Diplomatic Immunity: Power to get away with murder?
YDG Delegate, Gracious Kajah reflects on a diplomatic immunity case involving an American woman, wife of a US diplomat in the UK accused of killing a UK teenager as reported by the CNN by Jonny Hallam
The death of Harry Dunn, a 19-year-old British has sparked a lot of controversies to a revisit of the rules of diplomatic immunity. The facts, as reported by the UK media and based on witness accounts are that; on 27 August 2019, a car being driven on the wrong side of the road by Anne Sacoolas, the wife of a US government employee, collided with a motorcycle ridden by young Harry Dunn. The car had just left RAF Croughton, a Royal Air Force base in Northamptonshire used by US forces. Ann Sacoolas was questioned by police shortly after the accident but however returned to the US afterwards claiming she had diplomatic immunity. The UK then requested an extradition of the US diplomat’s wife which was further denied. This begs the question; does Diplomatic Immunity really make it so you can get away with murder?
The concept of Diplomatic Immunity has existed for a very long time. The modern rules surrounding this was laid out in 1961 at the Vienna Convention on Diplomatic Relations with 192 countries ratifying this treaty. According to Article 29 of the Vienna Convention on Diplomatic Relations, “The person of a diplomatic agent shall be inviolable. He shall not be liable to any form of arrest or detention. The receiving State shall treat him with due respect and shall take all appropriate steps to prevent any attack on his person, freedom or dignity”.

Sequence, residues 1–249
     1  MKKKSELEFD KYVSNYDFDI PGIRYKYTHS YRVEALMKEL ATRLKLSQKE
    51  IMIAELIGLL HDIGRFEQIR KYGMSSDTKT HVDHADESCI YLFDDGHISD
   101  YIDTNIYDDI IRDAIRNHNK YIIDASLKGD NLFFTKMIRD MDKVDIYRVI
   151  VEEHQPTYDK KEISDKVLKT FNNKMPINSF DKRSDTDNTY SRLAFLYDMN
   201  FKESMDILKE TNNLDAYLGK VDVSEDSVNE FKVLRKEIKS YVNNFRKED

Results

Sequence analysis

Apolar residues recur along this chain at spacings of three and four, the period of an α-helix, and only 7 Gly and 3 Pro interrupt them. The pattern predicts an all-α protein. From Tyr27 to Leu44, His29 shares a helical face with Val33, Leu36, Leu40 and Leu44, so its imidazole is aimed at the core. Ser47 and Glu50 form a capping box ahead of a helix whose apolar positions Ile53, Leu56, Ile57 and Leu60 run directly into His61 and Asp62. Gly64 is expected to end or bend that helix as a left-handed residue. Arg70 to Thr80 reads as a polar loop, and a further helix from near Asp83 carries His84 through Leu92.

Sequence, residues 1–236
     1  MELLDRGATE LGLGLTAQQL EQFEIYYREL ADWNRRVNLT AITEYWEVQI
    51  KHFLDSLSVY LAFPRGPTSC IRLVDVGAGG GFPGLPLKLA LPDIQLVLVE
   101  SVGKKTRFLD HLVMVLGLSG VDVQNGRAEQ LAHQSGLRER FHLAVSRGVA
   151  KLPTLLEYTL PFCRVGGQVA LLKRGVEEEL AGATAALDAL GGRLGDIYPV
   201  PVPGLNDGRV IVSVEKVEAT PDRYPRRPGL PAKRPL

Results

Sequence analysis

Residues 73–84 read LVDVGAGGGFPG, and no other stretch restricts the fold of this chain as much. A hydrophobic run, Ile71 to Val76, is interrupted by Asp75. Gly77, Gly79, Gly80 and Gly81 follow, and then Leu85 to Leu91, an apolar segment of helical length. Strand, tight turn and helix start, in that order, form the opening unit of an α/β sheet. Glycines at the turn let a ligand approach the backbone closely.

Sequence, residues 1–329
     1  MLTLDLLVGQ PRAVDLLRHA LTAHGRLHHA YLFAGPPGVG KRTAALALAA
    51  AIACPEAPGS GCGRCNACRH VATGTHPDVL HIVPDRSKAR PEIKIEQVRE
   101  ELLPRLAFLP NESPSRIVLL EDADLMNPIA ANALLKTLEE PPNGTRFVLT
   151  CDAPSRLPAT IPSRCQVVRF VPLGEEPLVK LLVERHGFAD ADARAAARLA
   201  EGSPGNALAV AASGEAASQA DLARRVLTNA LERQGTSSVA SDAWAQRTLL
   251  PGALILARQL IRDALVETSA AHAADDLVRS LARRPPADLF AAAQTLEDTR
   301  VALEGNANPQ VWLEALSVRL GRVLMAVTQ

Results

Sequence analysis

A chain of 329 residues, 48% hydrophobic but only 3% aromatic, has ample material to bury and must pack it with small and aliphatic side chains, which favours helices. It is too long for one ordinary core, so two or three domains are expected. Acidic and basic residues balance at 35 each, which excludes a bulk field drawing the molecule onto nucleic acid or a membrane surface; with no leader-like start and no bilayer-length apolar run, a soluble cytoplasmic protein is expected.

This inviolability is to give the diplomatic agent the power to work in the host country freely and easily without any form of intimation or threat. This immunity, however, is not absolute and may be “waived off” if the host country requests from the sending country the right to try the Diplomat according to their laws. The request may be based on grounds of abuse of power, murder and illegal practices. In events that the sending country reject such requests, those charged cannot be tried by the host country. When the diplomats however return to their home countries, their diplomatic functions may cease and be stripped off of all former privileges and immunities. (The exception is in the case of acts performed in their official capacity, for which there is indefinite residual immunity).
Anne Sacoolas has been charged with causing death by dangerous driving in the case of Harry Dunn, the British teenager who was killed. In a statement issued by Sacoolas’ lawyer, he intimated that she would “not return voluntarily to the United Kingdom” to face trial because this was an incident not a murder. However according to court documents as reported by the CNN, a judge in the United States of America on February 17, 2021, ruled that a civil claim for damages against Anne Sacoolas can be heard in Virginia.
This case particularly brings to bare that, diplomats should be circumspective in their dealings in host countries. They should not hide behind the powers of diplomatic immunity to attempt to get away with certain infractions of the law. This may go a long way to dent the bilateral relationships between countries which can have an adverse impact on areas of cooperation.
By Gracious Kajah,http://www.youngdiplomatsghana.org/blog/2021/04/01/diplomatic-immunity-power-to-get-away-with-murder/http://www.youngdiplomatsghana.org/blog/wp-content/uploads/2021/04/diplomatic-immunity-500x281.jpeghttp://www.youngdiplomatsghana.org/blog/wp-content/uploads/2021/04/diplomatic-immunity-500x281-150x150.jpegFeature